A letter from Abraham Lincoln

It’s sad when we hear of the death of one of our soldiers. More than 23,000 Civil War soldiers were killed, wounded or missing after 12 hours of savage combat at Antietam.

It was the bloodiest one-day battle in our nation’s history.

It was fought on Sept. 17, 1862.

The Antietam National Battlefield Park is in Washington County, Maryland.

Lydia Bixby, a woman of more than 60 years of age, called on Adjutant-Gen. William Schouler on Beacon Hill in Boston in 1862 saying one of her sons had been wounded in the Antietam battle.

She wanted to go and help nurse him back to health, but she was impoverished and unable to do so. Gen. Schouler reported the meeting to Gov. John Albion Andrew, who appropriated $40 to cover her expenses in visiting her son.

Two years later, about Sept. 14, 1864, Lydia Bixby again called on Schouler.

During this meeting, she showed him five letters, written by five different commanding officers, informing her of the deaths of each of her sons. Schouler was deeply saddened.

A few days later, Schouler received communication from a man named Newhall who petitioned for one of his five sons to be discharged from the army. This reminded him of Lydia Bixby’s visit, and he mentioned her loss in his communication to Gov. Andrew.

“A still more remarkable case is Mrs. Bixby who 10 days ago came to my office and showed me five letters from five company commanders, each informing her of the death of one of her sons,” Gen. Schouler wrote. “She is the best specimen of a true-hearted Union woman I have seen.”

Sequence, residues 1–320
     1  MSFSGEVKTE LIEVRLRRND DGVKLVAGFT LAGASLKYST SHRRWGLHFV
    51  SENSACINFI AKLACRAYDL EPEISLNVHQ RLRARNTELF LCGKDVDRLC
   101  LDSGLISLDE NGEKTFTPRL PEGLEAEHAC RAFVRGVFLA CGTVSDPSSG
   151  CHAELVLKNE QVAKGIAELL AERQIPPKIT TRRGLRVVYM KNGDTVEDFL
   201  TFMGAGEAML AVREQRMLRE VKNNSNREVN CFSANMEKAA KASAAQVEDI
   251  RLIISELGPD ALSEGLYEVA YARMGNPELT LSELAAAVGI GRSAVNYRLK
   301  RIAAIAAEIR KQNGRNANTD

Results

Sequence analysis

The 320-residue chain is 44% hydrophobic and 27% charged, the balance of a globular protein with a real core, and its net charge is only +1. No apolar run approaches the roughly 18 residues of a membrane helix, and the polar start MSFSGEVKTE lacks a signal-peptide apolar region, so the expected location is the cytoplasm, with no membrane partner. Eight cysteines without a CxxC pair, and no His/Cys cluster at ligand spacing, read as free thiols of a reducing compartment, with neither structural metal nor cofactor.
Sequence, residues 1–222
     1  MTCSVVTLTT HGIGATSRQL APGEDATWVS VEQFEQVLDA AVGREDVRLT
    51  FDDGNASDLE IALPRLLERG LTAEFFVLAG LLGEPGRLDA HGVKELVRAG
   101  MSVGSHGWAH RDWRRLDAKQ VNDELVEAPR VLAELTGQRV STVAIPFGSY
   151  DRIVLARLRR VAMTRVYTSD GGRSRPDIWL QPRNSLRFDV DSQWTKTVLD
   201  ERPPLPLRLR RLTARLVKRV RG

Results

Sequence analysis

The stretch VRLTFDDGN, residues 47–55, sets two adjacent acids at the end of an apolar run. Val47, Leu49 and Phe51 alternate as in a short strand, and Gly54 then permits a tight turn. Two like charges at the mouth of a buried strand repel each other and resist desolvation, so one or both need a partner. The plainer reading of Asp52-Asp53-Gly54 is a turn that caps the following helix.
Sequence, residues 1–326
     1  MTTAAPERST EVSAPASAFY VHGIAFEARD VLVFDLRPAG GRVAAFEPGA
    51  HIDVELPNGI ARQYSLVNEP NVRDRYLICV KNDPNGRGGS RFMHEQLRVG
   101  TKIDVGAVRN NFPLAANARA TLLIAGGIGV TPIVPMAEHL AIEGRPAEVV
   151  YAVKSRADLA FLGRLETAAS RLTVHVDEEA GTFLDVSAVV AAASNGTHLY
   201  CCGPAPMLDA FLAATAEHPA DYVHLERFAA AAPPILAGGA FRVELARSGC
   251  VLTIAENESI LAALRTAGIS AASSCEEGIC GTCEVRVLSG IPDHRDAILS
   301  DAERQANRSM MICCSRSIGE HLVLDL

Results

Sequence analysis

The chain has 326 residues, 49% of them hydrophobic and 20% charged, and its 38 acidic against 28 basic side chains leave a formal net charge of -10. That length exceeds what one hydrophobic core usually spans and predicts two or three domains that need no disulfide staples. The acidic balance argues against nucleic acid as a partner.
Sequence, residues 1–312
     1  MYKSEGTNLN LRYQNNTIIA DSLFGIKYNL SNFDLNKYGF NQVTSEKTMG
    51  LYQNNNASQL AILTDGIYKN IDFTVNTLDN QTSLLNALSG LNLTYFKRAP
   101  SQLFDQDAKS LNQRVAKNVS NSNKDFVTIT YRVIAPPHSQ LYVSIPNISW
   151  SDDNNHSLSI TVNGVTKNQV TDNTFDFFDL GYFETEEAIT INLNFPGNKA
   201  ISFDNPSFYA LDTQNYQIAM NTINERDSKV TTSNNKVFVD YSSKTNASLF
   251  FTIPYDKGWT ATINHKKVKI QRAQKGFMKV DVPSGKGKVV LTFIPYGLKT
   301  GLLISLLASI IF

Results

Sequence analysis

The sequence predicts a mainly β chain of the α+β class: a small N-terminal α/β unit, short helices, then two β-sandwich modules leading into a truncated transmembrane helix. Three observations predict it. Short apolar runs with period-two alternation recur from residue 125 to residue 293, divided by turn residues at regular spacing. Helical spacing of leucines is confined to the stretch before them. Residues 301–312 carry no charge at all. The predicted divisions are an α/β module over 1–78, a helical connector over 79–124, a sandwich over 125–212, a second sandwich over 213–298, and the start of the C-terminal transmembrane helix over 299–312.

Gov. Andrew was so impressed with the document that he filed a report of it with the War Department in Washington.

“Mrs. Bixby sent five sons to the army, all of whom have been killed,” Gov. Andrew penned. “This is such a remarkable case that I really wish a letter might be written by the President. A mother of five dead sons, as noble as Mrs. Bixby, certainly deserves it.”

After Col. Thomas Vincent received the communication, he wrote Gen. Schouler asking him for the names and particulars of the Newhalls and Bixbys. Schouler dispatched a courier to get the information.

Vincent received the following information:

Charles Bixby was killed at Fredericksburg on May 3, 1863, and Henry Bixby was killed at Gettysburg in July 1863. Edward Bixby died of wounds at Folly Island, S.C., and brothers George W. Bixby and Oliver Bixby were killed before Petersburg on July 30, 1864.

Charles Dana, assistant secretary of war, received the communication and approved the discharge of Newhall’s son.

He sent the Bixby information to Edwin M. Stanton, secretary of war, who directed it to President Lincoln. The president was heart-wrenched in reading over the information, and even more so in composing a letter to Mrs. Bixby.

The president’s sincerity and compassion in composing it has led the letter to stand as a masterpiece in correspondence through the many years that followed.

Schouler personally called on Mrs. Bixby on Thanksgiving Day and delivered a considerable sum of money, a turkey, a ton of coal and the letter written by President Lincoln.

Editor’s Note: Read more of this interesting story in The Courier News. Jadon Gibson is a freelance writer from Harrogate. His stories are both historic and nostalgic in nature. Copyright 2022 Jadon Gibson